María Thereza Negreiros, who a long time ago established her art studio in Cali, is above all, a serious artist. Because she believes and proves that art should be a profession. And this is precisely one of the most rewarding issued when speaking of arts in moments during which  the interest towards them can so easily be misleading. There appears to be some mediocre painters that seem to assault, if not the integrity of the profession, at least its superficial appearance. In a society like ours, one must be aware of the most superficial aspects that surround us. 

María Thereza Negreiros does not set down on her purpose of creating an ever-changing art . She constantly seeks her own way of communicating what she feels. It is important to stress that the artist has a vast experience in different materials and mechanical means of expression.

Her production reaches true plastic conclusions that bring out her interest in optical sensations. An optic that always takes the viewer into account and make him be part of her art. María Thereza Negreiros achieves a series of images where Light, motion and the subtle use of color become part of a game. Because it is necessary to have fun and enjoy Maria Thereza Negreiros boxes. Nevertheless, the presence of eyes meticulously photographed and enlarged, do not make us believe that the work of art acts as a diversion from the social reality. On the contrary, María Thereza Negreiros relieves that her art can register to a certain point anguish, limitation and all sort of feelings proper of the dramatic situation of mankind.

María Victoria Aramendia
Notes on Art, El Espectador, Bogotá, Colombia, 1974

Is it perhaps a vision of time through those hallucinating eyes that seem to measure not only the present, but also the past and the future, sensing what will be without burying what was? Those long-gone times and those that are coming seem to be within Maria Thereza Negreiros’ mind, in that immense concave lens that exhibits homage to Botticelli. Vision that can bring hope and hopelessness that can be avoided by knowing that it will arrive with the same inexorable movement of the stars. It seems to transport space within the same module as the small cylinders, fixing it on the incommensurable horizon of the human eye. Advanced art that is surely within the perception of modern youth.  What there is no doubt about is that we have to divide the plasticity of painting, sculpture and plastic experiences. That pure, easel or mural painting has nothing to do with the applications of other materials that adapt themselves to the cultural process of the last scene of the 20th century.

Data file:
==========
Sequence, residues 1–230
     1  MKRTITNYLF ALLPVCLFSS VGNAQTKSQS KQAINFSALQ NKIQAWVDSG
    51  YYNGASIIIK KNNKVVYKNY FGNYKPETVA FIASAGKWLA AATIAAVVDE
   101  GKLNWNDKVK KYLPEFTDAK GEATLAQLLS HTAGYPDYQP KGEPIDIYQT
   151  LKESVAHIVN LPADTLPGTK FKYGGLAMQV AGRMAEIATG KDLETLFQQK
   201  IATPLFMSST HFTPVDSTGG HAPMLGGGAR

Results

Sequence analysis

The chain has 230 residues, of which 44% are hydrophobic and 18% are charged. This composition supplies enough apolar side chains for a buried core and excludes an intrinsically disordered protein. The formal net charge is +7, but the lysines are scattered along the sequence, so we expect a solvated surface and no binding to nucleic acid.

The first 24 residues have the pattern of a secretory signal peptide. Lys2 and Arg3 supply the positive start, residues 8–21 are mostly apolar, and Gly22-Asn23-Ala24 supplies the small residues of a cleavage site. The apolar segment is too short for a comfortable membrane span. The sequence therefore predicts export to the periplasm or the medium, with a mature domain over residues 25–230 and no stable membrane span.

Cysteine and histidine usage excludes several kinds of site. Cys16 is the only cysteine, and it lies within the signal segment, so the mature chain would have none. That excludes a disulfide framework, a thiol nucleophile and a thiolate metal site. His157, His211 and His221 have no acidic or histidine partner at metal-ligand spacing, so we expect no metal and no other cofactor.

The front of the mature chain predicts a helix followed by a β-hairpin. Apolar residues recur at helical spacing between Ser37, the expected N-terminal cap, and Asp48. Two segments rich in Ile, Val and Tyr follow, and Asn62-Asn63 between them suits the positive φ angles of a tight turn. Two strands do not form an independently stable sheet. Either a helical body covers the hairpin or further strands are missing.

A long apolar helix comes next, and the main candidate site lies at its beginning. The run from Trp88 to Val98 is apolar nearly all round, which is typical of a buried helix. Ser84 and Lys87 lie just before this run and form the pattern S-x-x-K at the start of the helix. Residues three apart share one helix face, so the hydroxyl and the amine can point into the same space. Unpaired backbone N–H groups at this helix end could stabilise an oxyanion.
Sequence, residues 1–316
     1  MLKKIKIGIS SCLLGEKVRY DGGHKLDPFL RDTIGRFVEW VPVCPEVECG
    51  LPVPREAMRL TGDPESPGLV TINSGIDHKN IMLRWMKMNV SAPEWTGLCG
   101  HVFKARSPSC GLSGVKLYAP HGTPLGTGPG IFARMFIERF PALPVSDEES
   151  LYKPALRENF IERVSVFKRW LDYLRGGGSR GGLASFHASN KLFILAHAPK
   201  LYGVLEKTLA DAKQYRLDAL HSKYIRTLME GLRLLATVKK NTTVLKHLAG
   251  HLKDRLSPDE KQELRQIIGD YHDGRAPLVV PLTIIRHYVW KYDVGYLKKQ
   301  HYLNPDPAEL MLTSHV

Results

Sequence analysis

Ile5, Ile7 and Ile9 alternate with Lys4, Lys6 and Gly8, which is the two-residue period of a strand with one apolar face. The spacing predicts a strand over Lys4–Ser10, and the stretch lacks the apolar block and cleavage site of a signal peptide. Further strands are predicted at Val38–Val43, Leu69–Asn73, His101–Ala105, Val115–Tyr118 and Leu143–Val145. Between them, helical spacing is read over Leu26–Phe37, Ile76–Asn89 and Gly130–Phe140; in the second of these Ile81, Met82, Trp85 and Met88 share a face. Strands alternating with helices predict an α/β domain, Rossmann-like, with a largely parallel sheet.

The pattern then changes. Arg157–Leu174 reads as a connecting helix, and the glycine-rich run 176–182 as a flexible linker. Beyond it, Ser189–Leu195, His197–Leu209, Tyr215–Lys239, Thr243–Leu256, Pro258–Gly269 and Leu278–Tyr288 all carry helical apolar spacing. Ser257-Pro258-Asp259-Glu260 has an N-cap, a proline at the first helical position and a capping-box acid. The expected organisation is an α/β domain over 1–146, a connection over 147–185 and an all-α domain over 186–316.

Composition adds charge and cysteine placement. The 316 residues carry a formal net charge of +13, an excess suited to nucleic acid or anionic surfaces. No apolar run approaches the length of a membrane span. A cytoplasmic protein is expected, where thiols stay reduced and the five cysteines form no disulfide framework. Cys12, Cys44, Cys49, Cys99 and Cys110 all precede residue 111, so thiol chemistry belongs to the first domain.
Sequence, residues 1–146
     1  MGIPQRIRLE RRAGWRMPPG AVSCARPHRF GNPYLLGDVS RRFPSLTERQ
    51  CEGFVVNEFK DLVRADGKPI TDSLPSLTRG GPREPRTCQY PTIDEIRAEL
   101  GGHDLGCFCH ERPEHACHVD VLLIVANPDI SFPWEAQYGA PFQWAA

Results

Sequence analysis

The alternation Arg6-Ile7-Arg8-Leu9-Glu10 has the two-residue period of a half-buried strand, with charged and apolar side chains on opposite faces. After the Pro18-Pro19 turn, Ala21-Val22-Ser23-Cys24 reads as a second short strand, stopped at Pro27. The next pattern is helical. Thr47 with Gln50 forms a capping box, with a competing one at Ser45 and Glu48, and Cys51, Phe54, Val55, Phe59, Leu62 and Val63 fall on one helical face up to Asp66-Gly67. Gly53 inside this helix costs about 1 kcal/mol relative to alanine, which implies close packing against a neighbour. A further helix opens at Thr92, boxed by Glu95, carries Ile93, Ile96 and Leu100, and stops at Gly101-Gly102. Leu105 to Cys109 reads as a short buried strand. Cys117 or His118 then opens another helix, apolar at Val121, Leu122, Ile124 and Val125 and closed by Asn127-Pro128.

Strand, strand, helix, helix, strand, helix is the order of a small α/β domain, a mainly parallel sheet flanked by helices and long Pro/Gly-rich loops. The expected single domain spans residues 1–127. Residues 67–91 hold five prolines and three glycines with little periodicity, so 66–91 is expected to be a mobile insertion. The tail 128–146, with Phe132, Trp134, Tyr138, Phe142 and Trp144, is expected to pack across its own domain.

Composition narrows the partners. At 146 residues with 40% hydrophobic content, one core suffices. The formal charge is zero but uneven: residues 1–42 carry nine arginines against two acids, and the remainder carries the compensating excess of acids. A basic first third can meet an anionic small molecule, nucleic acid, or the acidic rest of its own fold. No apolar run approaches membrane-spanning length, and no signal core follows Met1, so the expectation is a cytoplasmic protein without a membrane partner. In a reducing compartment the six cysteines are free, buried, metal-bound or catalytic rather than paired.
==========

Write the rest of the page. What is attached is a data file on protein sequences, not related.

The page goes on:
Dicken Castro, El Periódico, Bogotá, Colombia
May 1972

While studying Maria Thereza Negreiros’ paintings from 1061 to 1965 and located in a surge of abstract informalism, we can follow a serious creative process and find that after ten years of constant and determinate searching she is fully reaching her goals.

Antonio Maia, Jornal do Brasil, Rio de Janeiro
September 3, 1967

The exhibition of Maria Thereza Negreiros, Brazilian artist living in Cali, now at IBEU gallery, represents the work of a person who not only knows how to dose out the color of an object conscientiously, but also how to distribute its elements in a thought-out manner.

Her angels, in a whole or fragmented conception, take up practically the whole surface in a geometric distribution, expanding until they reach the edges of the painting. At other times they box themselves in, in an arbitrary manner as though it were a puzzle.